By Jerry Sullivan
I admit that I have been remiss on this issue. The Chicago Audubon Society spent months putting together a list of suitable candidates for official Chicago City Bird. I could have got into the game at any point with a simple E-mail. But I didn't, and now, like a New Hampshire voter who slept late on primary day, I find that the ballots have been printed and my bird is not among the choices.
Of the six birds that the society and the city's Department of Environment are presenting as candidates, only two seem worth considering. Cedar waxwings? Lovely birds, but has anyone ever found a nest within the city limits? Eastern kingbirds do nest in our larger parks--and on golf courses--but you are unlikely to find them hanging around your neighborhood. And they are late arrivals in the spring, early migrants in the fall. In fact, they spend most of the year in the forests of the Amazon.
Belted kingfishers live around our lakes and rivers, but I don't expect to find a nest at Montrose Harbor--and I am certain I wouldn't find one at, say, Pulaski and Montrose. Peregrine falcons are glorious birds, but they are here only because we have introduced them--and they are almost entirely confined to the high-rises along the lakefront.
The two real candidates on the list are the black-crowned night heron and the common nighthawk. The night heron is a threatened species in Illinois that has managed to maintain large nesting colonies in the marshes around Lake Calumet. You can enjoy a beer at the outdoor tables on Navy Pier on a summer evening and watch herons passing over.
Nighthawks can be seen and heard in almost any Chicago neighborhood at twilight or during the night. But like the kingbird, they are late arrivals in the spring and by Labor Day are on their way back to South America.
My own candidate--the species somehow slighted by the voters in this primary--would have been the American kestrel, Falco sparverius. The genus name tells us that the kestrel is a falcon, a smaller relative of the lordly peregrine but built on the same body plan. Its wings are long, slender, and pointed, making it a fast flyer. Its tail is also long, providing a large rudder for sudden stops and quick turns.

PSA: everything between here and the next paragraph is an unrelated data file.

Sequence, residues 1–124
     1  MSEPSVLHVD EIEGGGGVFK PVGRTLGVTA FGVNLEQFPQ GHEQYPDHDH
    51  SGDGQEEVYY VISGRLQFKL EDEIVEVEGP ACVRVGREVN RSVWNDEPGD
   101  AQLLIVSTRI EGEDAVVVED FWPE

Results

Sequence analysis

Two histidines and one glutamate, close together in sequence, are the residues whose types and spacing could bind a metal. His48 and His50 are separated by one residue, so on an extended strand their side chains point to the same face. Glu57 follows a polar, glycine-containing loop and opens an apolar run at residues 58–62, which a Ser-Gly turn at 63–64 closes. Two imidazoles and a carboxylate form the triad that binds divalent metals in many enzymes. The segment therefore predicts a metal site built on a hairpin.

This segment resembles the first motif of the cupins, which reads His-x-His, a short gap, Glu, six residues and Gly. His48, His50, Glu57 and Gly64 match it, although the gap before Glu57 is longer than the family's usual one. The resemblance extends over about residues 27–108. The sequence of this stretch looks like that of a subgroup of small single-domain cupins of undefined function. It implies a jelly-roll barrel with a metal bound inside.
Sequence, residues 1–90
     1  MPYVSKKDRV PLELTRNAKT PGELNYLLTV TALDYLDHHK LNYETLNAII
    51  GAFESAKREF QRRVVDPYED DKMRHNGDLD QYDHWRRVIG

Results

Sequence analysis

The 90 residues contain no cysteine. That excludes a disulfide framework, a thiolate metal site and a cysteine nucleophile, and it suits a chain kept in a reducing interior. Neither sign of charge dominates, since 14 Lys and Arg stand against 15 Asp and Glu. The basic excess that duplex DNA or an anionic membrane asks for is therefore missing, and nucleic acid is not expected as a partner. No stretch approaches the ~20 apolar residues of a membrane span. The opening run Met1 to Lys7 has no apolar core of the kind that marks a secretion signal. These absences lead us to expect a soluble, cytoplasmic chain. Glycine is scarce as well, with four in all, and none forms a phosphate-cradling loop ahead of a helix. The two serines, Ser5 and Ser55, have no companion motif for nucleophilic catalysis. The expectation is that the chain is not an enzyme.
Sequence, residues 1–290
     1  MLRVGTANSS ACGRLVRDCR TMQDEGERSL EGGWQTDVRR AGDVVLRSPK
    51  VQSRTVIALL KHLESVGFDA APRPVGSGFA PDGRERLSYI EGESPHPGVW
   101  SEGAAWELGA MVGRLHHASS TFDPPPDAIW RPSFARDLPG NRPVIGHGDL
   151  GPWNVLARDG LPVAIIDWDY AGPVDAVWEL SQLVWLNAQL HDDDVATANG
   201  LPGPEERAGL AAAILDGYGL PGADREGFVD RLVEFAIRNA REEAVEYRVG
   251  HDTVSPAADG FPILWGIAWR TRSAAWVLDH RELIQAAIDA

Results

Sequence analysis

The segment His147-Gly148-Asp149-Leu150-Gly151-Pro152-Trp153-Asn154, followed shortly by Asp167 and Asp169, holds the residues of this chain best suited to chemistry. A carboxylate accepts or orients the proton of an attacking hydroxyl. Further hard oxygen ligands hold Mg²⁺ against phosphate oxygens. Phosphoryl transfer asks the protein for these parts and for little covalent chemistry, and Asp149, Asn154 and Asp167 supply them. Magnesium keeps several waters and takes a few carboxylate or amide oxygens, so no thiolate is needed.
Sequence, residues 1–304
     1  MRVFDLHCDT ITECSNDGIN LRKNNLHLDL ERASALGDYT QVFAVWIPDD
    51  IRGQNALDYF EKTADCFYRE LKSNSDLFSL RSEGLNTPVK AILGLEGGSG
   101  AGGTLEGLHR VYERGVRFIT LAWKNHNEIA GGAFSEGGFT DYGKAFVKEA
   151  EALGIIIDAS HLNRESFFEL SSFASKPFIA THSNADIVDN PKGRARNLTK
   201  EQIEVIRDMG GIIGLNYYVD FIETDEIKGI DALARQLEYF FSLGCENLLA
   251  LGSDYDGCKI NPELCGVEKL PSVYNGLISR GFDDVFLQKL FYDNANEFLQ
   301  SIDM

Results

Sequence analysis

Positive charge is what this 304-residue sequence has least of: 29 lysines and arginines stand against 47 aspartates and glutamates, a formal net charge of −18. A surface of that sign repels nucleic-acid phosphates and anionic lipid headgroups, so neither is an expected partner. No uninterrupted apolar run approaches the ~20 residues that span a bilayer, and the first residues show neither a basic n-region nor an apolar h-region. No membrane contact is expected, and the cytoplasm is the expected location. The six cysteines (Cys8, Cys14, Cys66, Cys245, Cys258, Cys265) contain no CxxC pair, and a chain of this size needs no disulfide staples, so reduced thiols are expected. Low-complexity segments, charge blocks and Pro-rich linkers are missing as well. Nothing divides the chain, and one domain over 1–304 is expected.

Kestrels are gorgeous little birds--big headed, barrel-chested, with two vertical dark stripes on the sides of their heads. The females are rusty brown with black bars on their wings, back, and tail. The males are similarly colored, except their wings are slate gray.
They have the hooked beaks of raptors and yellow legs and feet tipped with sharp, curved talons. They are scarcely larger than robins, yet they catch, kill, and eat mice and house sparrows.
Could we mount a write-in campaign for the kestrel? We might get the archdiocese behind us. The Eurasian kestrel, Falco tinnunculus, a very similar bird, inspired Gerard Manley Hopkins, a Jesuit, to write "The Windhover: To Christ Our Lord," a short poem whose explosive, compacted imagery can raise the hair on your arms even if you are an unbeliever.
The windhover hung in the air, "dapple-dawn-drawn Falcon, in his riding / Of the rolling level underneath him steady air," and you can see kestrels doing exactly that along the Kennedy Expressway. They hang on the wind or hold their position with shallow wing beats, waiting for something to move in the grass below.
And they live--year-round--in the neighborhoods. I have lived in places from Devon Avenue to 59th Street and from the lakefront to Kedzie. I have never lived in a neighborhood without kestrels. I don't believe there is a neighborhood without kestrels within the city limits.
And they got here on their own. Nobody introduced them. In natural areas they nest in holes in hollow trees. In the city they have learned to find holes under the eaves of buildings. A perfectly manicured neighborhood where every strip of soffit is fastened just so and every dead tree limb is instantly trimmed has no space for kestrels. But city neighborhoods, where not every resident is obsessive, are ideal habitat.
They live with us year-round. They nest in every neighborhood and hunt the grass along the median strips. They eat mice. They are beautiful. And in keeping with the dark side of our city's history, they are killers. Vote kestrel!